Maria Vitiadou, 20, of Athens, Greece, is all for it.

Roseanne Erika Loquellano

Usually, social media promotes habits and lifestyles that are far away from reality, Vitiadou said, but during quarantine, it is important to find the time to dedicate to yourself.

“So, go and have a mini-spa day, start a workout challenge, drink more water, fix your sleep schedule and find a new hobby,” Vitiadou said.

Some young people said that overall, the trend is a good thing, but people need to be careful of where they set their boundaries and how they go about it.

Seventeen-year-old Aliyah Kassam from London said it’s good to set goals for yourself as long as they’re achievable.

Similarly, Anna May, who is 23 years old and lives in an English town called High Wycombe, said it’s amazing if people can use the time in quarantine to discover who they truly are and how they want to live their lives, but that it won’t work if it’s forced.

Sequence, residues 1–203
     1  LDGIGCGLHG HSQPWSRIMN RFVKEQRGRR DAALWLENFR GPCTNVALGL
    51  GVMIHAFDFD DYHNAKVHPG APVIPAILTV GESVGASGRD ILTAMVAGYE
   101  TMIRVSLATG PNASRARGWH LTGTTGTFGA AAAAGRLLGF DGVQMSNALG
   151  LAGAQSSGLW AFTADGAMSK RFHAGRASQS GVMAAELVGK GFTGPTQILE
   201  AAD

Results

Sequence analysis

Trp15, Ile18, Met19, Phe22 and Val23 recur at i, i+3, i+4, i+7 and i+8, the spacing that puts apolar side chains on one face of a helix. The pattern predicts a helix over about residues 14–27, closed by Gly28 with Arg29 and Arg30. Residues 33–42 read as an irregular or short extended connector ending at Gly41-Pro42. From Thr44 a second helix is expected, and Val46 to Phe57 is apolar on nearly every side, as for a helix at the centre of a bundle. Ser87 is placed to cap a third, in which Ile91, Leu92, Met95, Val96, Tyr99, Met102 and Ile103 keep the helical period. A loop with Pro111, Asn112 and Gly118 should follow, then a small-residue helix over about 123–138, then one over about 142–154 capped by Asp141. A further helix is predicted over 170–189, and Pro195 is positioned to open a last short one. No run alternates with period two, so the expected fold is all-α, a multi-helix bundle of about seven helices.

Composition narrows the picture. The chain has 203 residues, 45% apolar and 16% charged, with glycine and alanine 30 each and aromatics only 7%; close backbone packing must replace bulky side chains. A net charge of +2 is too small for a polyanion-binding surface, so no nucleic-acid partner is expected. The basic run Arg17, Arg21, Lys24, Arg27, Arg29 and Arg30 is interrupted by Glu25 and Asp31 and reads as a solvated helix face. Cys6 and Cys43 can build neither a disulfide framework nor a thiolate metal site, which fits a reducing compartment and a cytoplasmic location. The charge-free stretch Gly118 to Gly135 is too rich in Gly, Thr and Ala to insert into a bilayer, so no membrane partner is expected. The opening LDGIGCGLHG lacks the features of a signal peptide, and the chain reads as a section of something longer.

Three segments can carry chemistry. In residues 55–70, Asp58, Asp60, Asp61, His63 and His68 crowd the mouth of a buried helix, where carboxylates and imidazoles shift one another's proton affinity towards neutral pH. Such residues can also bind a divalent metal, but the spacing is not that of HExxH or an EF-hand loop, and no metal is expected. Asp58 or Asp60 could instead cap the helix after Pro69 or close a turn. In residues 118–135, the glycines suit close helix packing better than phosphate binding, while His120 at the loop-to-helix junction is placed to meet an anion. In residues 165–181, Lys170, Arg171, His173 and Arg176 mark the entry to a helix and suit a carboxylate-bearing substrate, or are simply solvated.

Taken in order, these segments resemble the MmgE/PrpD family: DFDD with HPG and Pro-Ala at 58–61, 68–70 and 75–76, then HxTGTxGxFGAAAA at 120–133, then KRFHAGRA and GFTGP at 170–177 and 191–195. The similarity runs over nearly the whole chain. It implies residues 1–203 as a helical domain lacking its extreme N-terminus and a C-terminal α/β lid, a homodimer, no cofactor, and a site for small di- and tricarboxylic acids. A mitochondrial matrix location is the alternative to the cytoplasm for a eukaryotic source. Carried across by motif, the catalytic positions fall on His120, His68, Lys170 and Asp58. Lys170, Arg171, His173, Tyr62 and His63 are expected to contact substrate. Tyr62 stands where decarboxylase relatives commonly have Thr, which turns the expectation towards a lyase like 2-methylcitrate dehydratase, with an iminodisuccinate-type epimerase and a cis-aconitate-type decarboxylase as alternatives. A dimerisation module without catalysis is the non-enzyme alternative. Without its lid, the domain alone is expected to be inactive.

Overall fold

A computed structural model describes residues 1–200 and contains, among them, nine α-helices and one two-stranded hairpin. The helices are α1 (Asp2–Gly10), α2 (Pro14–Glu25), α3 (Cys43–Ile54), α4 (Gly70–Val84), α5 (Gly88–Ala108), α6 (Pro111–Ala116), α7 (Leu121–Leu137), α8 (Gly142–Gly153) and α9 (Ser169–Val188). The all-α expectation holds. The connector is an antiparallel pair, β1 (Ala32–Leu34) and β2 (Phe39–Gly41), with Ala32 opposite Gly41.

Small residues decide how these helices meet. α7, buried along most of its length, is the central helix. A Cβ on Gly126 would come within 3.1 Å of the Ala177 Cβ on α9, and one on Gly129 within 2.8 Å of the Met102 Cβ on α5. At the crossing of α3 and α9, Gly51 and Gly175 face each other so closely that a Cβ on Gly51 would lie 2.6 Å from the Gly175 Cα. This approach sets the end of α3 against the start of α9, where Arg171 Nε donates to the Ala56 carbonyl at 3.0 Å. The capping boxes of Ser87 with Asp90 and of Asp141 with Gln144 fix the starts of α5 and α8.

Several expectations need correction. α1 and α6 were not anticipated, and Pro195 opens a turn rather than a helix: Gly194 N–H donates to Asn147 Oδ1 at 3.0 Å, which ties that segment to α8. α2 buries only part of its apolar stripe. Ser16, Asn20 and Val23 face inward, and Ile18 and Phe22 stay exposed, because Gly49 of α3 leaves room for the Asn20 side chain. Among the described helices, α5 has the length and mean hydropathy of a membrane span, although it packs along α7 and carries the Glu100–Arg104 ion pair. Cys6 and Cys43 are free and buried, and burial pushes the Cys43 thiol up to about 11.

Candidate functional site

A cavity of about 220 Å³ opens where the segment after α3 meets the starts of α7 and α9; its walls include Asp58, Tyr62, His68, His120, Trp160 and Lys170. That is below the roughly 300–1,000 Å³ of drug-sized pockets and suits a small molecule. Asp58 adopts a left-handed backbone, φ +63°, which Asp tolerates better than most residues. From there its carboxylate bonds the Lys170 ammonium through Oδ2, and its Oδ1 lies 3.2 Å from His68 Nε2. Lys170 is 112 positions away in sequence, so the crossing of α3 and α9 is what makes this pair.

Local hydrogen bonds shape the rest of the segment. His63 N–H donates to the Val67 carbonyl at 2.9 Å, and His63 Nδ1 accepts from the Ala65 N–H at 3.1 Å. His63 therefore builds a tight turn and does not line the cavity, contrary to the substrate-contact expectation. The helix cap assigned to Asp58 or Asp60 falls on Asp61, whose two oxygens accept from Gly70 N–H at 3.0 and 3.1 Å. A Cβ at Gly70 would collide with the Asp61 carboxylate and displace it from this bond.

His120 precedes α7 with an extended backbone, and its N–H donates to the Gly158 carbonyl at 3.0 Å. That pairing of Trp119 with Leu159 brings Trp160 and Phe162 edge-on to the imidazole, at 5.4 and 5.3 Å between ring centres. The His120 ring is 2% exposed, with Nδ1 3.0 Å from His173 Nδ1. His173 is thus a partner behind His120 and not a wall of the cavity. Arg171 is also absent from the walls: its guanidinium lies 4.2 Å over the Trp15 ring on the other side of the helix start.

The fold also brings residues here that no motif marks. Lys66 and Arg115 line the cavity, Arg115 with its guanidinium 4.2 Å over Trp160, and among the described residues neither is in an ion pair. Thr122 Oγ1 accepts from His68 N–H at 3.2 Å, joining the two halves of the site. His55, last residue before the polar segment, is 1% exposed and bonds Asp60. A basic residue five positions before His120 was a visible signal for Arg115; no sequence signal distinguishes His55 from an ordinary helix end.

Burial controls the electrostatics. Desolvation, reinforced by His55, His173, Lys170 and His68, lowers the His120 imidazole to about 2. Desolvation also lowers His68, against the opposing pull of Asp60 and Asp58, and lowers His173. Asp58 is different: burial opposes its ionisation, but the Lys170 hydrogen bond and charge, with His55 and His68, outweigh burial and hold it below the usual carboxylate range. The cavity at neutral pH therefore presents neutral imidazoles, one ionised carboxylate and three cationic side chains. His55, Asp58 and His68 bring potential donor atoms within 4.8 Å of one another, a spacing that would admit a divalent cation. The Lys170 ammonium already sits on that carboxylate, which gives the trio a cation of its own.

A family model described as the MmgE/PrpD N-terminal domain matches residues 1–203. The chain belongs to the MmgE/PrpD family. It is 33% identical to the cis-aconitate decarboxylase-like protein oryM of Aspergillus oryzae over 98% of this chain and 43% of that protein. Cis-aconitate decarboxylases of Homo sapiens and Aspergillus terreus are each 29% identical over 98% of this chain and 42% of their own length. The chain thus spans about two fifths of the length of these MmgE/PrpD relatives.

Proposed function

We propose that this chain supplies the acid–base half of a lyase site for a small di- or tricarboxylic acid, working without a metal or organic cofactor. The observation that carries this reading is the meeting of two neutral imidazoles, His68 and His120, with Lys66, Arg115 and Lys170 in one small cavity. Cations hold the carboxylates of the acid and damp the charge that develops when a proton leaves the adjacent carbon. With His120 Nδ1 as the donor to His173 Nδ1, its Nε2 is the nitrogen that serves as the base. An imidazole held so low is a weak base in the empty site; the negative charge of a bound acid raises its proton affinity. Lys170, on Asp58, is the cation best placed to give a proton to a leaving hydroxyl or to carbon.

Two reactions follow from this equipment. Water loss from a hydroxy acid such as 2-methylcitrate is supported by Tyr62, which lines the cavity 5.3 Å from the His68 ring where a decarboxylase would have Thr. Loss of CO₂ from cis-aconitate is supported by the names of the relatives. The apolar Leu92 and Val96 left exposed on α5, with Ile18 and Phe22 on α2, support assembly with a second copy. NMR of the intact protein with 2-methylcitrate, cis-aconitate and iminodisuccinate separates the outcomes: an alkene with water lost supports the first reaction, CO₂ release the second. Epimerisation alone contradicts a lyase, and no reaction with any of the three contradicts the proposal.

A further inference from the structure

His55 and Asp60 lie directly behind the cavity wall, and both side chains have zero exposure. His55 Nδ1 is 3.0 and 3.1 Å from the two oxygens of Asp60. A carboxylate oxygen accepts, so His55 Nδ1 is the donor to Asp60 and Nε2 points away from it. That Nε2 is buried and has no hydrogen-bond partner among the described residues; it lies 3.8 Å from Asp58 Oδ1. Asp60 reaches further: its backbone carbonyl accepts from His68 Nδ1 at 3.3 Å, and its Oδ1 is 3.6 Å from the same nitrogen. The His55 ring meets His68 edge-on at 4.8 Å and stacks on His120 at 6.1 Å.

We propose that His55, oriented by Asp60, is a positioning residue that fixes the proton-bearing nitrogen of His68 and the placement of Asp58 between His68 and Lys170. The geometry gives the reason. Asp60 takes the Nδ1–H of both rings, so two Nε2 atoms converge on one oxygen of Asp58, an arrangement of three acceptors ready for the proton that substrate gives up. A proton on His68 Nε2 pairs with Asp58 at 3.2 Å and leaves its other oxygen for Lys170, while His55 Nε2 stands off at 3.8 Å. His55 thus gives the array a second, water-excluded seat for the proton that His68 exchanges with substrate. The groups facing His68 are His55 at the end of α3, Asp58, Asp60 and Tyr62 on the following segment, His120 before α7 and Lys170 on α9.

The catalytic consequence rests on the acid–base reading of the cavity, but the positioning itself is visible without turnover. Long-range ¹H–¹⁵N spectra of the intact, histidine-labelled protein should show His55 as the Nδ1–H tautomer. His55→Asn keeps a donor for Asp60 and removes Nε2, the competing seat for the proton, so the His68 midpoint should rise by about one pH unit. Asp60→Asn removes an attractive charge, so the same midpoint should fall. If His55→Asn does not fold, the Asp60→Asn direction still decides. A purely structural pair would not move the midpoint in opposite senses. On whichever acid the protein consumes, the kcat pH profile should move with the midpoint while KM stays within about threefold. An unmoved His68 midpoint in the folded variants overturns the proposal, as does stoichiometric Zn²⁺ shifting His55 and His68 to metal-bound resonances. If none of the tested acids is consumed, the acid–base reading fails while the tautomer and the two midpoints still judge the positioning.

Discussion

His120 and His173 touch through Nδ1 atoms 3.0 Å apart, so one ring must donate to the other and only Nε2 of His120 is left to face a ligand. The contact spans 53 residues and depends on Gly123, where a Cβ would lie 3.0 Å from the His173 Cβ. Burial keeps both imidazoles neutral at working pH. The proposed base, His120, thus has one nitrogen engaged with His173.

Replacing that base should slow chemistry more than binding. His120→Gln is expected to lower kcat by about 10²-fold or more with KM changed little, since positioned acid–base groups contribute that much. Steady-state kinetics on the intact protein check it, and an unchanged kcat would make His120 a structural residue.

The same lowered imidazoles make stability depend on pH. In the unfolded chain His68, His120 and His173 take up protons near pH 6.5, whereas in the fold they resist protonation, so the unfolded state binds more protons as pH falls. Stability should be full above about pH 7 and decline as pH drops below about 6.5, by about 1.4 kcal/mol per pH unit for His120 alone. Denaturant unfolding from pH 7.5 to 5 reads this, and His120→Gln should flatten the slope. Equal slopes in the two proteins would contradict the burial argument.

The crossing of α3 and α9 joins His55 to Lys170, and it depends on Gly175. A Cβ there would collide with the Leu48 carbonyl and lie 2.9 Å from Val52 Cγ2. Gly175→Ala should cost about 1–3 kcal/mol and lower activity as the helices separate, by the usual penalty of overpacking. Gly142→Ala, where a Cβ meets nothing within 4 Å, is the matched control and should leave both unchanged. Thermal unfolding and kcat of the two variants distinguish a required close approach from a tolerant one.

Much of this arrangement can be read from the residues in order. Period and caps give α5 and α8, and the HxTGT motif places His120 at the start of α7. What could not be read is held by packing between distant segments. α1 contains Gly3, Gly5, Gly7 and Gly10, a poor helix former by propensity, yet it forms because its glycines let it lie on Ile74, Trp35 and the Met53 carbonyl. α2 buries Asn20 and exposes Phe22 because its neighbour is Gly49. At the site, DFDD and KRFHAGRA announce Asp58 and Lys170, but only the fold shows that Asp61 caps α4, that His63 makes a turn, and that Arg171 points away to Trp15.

Celebrities and social media influencers could spend their time making workout videos or trying out new skin products, but for everybody else this isn’t always realistic.

Sophie King, 15, of McLean, Virginia, admitted that she was doing workouts by YouTube star Chloe Ting to get in better shape.

While she thinks that reinventing yourself completely is a little “wack,” King added that having a lot of time to reflect and take a break and improve yourself is important. 

Chloe Connell, 15, of Melbourne, Australia, said that while reinventing yourself has drawbacks, it does inspire her to look her best even when she’s not feeling that way.

Outdoor exercise area in Melbourne, Australia. (Alyce Collett/YJI)

But Beattie Pritchard, 22, of Chichester, England said the trend’s portrayal of how everyone should be managing their time is annoying.

If people weren’t in their best routine before covid-19 then they certainly won’t be now, Pritchard said. And Pritchard said many people are struggling for money, worried about their health, or are overworked, making this kind of lifestyle a massive privilege.